I try to balance the emotional and practical aspects of what I do.  Emotionally, I just don’t want these people around me.  It upsets me to look at them and know there may be things they are hiding from me.  This is not first time for either of them.  They work for me but they are more worried about others being angry with me for telling.  This IS the culture I’m in.  I was asked recently if there was anyone her I trust totally, and I have to say no.  People tell me what they want me to know.  Some of that power comes because I don’t know Bengali, but today’s news was all in English and all the people involved are fluent in English. 

The internet is my connection to the world from here.  Joe Paterno was fired today for his inaction in the face of sex abuse.  What he did was a deal breaker.  So maybe that’s my answer.  I don’t have other coaches standing in the wings.  I’m just more on my own.  Maybe that’s better.  It is so horrible to have people working for me, knowing they won’t tell me.  It eats at me.  It makes me afraid to leave at all, as it is so bad even with me sitting here.

My children were in a special school a few years ago.  We would drop them at 9:30 and pick them up at 1 pm.  In the car they would start thrusting their tongues, what they do when they are thirsty, so we brought water and gave them water in the car.  Then one of our workers told me that the full bottle of water we took there was always full, so they weren’t getting water.  I saw the principal standing outside the day I learned this and I went to tell her, and she said, “I’ll look into it,” and walked away.  After we got home I called up the founder of the school, went to her flat, and told her I was taking the children out.  She said, “you are denying them education because of water?”  I didn’t say what I was thinking, which was, “Why would I let my children be with such a person that would deny water to them?”  What sort of person does this?  I’ve learned that this is common practice in all these schools because it minimizes the child’s need to urinate. 

This morning I was talking with the house supervisor because she is having problems about where to live and I’m concerned about her and was trying to find solutions.  But all this time she was not telling me about the situation of the teacher and Sonali.  In other words, I think I’m on some equal level of trust, concern, extending myself, and she is worried about teachers getting mad at her for telling me.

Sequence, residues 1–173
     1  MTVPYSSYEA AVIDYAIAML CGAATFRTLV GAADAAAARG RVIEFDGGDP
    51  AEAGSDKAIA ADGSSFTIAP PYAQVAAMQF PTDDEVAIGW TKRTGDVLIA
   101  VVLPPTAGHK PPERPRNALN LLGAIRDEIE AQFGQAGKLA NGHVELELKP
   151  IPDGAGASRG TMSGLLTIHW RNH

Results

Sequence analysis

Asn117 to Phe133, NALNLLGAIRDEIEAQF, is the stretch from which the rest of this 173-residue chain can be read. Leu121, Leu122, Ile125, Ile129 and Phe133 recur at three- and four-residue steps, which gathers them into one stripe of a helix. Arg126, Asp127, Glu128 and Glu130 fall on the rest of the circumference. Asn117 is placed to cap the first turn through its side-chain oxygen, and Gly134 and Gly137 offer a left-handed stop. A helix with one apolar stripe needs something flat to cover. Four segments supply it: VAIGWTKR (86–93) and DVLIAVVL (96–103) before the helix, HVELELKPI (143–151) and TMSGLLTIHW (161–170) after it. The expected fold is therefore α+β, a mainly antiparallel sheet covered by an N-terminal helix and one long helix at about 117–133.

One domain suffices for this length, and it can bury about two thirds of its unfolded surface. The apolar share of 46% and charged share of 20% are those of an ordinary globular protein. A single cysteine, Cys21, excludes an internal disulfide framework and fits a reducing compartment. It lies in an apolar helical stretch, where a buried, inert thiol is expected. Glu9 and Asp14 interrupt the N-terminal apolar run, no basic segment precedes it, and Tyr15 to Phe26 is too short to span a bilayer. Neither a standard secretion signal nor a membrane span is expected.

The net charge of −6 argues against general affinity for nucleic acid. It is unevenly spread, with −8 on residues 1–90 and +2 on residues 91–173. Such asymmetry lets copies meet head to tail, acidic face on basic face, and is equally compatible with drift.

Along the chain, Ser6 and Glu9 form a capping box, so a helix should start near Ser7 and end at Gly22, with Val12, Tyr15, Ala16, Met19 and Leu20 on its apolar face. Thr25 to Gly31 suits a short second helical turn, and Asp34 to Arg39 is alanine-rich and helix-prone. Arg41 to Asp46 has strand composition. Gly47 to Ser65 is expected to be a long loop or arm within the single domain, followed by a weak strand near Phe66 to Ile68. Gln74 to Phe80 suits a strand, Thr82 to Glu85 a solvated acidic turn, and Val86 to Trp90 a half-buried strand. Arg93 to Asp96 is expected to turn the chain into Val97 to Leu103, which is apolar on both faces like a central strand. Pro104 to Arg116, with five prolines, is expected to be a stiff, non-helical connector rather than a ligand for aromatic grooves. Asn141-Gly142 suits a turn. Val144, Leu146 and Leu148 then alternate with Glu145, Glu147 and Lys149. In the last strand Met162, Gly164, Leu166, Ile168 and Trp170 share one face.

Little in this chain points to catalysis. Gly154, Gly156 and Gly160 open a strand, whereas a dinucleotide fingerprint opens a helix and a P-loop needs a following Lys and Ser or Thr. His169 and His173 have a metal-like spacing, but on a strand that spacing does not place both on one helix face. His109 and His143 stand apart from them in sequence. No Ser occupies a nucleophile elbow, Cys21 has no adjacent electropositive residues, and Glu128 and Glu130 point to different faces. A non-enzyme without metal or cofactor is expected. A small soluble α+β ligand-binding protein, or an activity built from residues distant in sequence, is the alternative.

I’m probably going on too much.  If I really post this instead of hitting delete, please notice the guts it takes to say these things out loud, and appreciate that I am certain I am not the only one with these conflicts.  I reach out so I am not so alone.  I also reach out so you, the reader who has faced such situations, can know you are not alone either.  It’s hard stuff, hard stuff to get right.  I think I know what I will do in the morning, but not there yet.

6 Comments (+add yours?)

  1. Lindsey
    Nov 10, 2011 @ 22:07:03

    Michelle, this is just heartbreaking. I am so sorry that you keep having to deal with this again and again. It must be so frustrating and difficult to have staff covering for each other rather than sticking up for the children.

    I keep thinking that a solution would be to hire someone from elsewhere who has education and peds nursing experience. They could act as the head person and keep an eye on any other teachers working there while setting a good example. In an ideal world, I would love to just hop on a plane and come help you out… this would be a job I would find greatly rewarding.

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    • Arun Debnath
      Nov 10, 2011 @ 23:39:01

      Lindsey, I share your sentiments and having visited Michelle in the summer I have the same wish for working for these wonderful children. It would have been the best job I could have ever wished! Michelle is simply doing a super-human job in a hellish and man-made environment. I only wish I could help Michelle in any pratical way.

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  2. A. Tummalapalli
    Nov 10, 2011 @ 23:15:58

    Michelle,